Saturday, December 01, 2012

Stephen King's Debt to Horror Comics

PopMatters takes a look at how horror comic books has shaped the writing of the prolific bestselling author.

From the piece...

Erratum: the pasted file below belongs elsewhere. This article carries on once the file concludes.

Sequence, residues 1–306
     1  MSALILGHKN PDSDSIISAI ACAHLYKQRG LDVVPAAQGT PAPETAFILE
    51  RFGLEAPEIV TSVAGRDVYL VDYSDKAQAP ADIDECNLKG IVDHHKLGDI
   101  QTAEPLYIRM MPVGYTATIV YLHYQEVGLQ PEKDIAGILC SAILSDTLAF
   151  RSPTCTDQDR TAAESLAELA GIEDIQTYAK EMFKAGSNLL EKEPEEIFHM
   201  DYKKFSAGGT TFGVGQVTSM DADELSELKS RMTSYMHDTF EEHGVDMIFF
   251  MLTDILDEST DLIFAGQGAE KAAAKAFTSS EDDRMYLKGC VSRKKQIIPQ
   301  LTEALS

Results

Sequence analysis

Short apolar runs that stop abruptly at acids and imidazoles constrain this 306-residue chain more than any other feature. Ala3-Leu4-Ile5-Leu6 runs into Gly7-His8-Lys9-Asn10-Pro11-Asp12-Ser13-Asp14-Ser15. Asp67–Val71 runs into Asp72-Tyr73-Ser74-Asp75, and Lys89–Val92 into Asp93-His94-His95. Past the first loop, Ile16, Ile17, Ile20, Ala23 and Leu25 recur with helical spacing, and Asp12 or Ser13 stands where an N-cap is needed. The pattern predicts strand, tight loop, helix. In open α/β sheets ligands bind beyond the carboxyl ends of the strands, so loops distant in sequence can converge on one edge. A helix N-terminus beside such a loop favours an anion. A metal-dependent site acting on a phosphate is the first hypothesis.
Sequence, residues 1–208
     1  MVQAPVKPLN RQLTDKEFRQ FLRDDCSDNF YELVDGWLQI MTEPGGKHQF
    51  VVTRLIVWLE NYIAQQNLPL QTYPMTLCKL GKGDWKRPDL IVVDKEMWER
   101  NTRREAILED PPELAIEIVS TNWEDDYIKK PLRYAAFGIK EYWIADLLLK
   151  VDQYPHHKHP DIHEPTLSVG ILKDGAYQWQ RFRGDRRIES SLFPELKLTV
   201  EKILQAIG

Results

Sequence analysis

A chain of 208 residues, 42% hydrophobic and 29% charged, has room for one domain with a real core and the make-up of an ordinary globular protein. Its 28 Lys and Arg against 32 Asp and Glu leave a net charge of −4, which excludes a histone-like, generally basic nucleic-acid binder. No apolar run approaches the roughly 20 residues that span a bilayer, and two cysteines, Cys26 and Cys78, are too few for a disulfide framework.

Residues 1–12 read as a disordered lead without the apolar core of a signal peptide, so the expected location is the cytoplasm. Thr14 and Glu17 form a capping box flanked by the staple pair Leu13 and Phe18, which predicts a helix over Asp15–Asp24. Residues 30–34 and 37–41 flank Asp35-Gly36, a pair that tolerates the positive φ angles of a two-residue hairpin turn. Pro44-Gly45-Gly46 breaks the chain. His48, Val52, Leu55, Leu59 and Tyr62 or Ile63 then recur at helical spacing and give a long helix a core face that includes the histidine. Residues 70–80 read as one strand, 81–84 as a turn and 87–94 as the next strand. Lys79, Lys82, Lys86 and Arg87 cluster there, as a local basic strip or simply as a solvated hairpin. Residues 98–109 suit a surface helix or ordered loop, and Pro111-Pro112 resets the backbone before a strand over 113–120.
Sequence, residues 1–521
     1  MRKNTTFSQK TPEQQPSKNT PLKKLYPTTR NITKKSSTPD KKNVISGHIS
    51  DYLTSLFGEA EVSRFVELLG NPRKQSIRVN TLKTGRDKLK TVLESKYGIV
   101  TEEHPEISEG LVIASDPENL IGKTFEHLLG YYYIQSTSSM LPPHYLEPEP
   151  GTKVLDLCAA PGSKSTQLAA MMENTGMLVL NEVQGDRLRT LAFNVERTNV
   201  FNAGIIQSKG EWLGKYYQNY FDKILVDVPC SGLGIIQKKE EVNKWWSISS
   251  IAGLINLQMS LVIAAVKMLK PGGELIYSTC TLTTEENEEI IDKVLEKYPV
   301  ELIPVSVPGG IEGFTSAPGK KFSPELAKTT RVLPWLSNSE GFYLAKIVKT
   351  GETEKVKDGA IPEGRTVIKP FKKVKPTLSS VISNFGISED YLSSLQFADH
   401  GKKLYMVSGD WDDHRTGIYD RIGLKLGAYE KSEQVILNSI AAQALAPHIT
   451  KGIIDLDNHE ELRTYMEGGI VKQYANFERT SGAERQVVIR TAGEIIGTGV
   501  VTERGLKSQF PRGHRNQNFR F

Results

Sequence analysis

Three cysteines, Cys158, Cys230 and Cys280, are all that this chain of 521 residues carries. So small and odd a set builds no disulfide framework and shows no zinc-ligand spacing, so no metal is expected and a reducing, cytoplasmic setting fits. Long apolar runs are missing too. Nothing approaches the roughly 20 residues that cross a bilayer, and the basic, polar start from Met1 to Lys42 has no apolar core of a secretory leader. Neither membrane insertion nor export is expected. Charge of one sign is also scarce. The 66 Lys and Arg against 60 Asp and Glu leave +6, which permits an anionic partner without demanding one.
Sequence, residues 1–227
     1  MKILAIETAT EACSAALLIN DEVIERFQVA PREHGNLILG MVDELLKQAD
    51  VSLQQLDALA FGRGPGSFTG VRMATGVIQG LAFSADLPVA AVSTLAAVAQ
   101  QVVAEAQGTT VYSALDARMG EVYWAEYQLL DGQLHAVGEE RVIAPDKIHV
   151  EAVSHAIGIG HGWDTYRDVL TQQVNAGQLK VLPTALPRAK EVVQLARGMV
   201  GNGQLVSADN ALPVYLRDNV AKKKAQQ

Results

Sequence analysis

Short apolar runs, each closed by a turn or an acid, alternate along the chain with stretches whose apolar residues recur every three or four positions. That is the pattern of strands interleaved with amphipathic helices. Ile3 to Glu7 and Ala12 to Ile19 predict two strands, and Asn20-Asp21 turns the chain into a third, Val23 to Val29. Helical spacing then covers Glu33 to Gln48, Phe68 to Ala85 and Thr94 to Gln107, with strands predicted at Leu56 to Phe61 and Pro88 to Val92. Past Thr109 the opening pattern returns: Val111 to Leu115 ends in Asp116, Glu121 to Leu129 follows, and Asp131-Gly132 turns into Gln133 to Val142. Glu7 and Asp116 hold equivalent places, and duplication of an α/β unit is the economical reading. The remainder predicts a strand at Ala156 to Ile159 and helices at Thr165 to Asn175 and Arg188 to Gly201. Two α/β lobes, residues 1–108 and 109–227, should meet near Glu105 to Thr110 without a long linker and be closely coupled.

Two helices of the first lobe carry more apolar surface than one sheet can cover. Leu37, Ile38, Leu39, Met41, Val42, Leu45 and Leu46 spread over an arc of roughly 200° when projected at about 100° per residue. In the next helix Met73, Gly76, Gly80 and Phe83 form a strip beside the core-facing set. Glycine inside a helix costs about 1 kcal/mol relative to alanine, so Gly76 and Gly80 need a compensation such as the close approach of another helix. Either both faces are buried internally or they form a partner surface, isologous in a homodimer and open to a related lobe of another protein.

In Stephen King’s On Writing, he recounts exercises that involved copying text from the comics he was reading as a young man into the pages of a notebook. In his Danse Macabre, King discusses the role that his favorite horror comics played in the development of ‘Salem’s Lot, his 1975 novel about a community of vampires in a small Maine town. King’s early 1980s partnership with horror film icons George Romero and Tom Savini birthed Creepshow, a chilling comics-inspired horror movie built of vignettes about beyond-the-grave vengeance, insect infestations, and more. Spotted with humor as often as it is blood, Creepshow unravels just like early horror comics did, when "pacts with the devil and trips to hell" were common themes. Creepshow‘s opening sequence is mostly animated and the first “chapter” features King’s son Joe, who won the Eisner Award for his IDW comics and recently collaborated with his dad on 2012’s Road Rage comic series.

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